Preliminary Treatment for Sports Injuries

Sports injuries are unpleasant but unfortunately are a true reality of everyday life. Although some people will go see a doctor after any type of sports injury occurs, others will not. Truth be told, there are some injuries that do not require a doctor to treat, but it is always better to err on the side of caution rather than be sorry later.

In the event that you are unsure, do consider going to the doctor. However, if it is possible, it would be good to give it some preliminary treatment before you even go. Quick treatment often means the difference between a 3-month recovery and a 2-month recovery so it is very important to start treating the injury right away.

The most common injuries that are suffered are acute injuries.  The best way to treat these is to use P.R.I.C.E. initially then determine if seeing a doctor is necessary.  P.R.I.C.E. is an acronym that is short for Protection, Rest, Ice, Compression, and Elevation.  It used to be just R.I.C.E. The purpose of each step is different with rest being essential to allow the healing to begin while helping to prevent further injury to the area.


Ice-Ice-Baby! Why ice? Ice is vital because it can help stop swelling in the injured area, which can help the doctor when it comes to diagnosing the injury. This step might seem trivial, but shouldn’t you do as much as you can before you go?

Compression is important because it helps to reduce swelling even further as well as provides support for the injury. This simply means pressing the area firmly and keeping it supported. Finally, Elevation is necessary because it reduces the flow of blood to the injured area and allows the force of gravity to pull blood away, thus reducing bruising, swelling and pain.

Proper treatment using P.R.I.C.E. is to first take a piece of cloth such as a town and wrap it around the injury this helps to protect the skin from irritation.  After that, apply an ice pack or cold compress directly over the injured area.  Using an elastic bandage or even a support bandage to hold the ice in place, carefully wrap the injured area snuggly. However, be careful not to wrap it too tightly. After all, you are not trying to cut off the blood supply. You should apply ice for approximately 15 minutes every three hours during the day to continue treating.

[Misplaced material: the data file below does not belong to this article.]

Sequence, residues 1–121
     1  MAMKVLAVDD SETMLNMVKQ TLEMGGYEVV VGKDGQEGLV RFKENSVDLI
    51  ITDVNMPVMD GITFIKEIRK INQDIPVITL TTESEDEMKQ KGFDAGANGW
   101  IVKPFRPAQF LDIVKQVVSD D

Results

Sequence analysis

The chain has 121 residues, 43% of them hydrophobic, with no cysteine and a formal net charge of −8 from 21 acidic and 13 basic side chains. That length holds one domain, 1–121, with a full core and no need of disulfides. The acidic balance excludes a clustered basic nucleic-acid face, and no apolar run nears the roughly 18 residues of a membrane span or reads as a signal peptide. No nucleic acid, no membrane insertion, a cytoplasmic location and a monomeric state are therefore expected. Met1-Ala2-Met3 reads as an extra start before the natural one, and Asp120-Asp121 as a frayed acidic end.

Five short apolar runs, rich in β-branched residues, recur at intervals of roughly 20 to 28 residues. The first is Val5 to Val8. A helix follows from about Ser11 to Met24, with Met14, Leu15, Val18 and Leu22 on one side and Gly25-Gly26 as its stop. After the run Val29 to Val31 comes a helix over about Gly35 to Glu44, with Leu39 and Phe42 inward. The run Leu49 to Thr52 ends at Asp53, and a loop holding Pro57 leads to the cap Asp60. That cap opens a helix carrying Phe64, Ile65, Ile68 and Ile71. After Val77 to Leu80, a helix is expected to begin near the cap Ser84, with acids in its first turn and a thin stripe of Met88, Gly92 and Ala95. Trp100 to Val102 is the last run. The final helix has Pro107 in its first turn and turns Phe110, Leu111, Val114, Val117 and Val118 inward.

In the event that you cannot decide if seeing a doctor is necessary, the following situations means that you should see a doctor:

One: If you see any bone, muscle, cartilage or ligaments .

Two: If the pain from the injured area seems to be spreading to other areas of the body.

Three: If you have a very large amount of swelling in the injured area after P.R.I.C.E.

Four: If you cannot move the injured area at all.

Five: If you cannot feel the injured area, or if it tingles or feels very weak and fragile.

Six: If your injury has not improved after three weeks of rest.

Seven: If your injured area has developed a rash, fever, pus, or if it feels hot to the touch.

Finally, if you have any doubts about being able to treat the injury yourself, go see a doctor.  You should always seek help from a doctor in the event that you are unsure how to treat the injury. Don’t think of this as disturbing the doctor or being a hypochondriac. Instead, you are ensuring that you are taking care of yourself.

Some scenarios might be serious enough to warrant immediate help. If your doctor is unavailable, and the injury is serious, go to the emergency room and seek medical help there.  Never leave a serious injury without seeking medical help as the condition can worsen, causing the need for serious treatment, and even potentially surgery. Take care of yourself.

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Also published on Medium.

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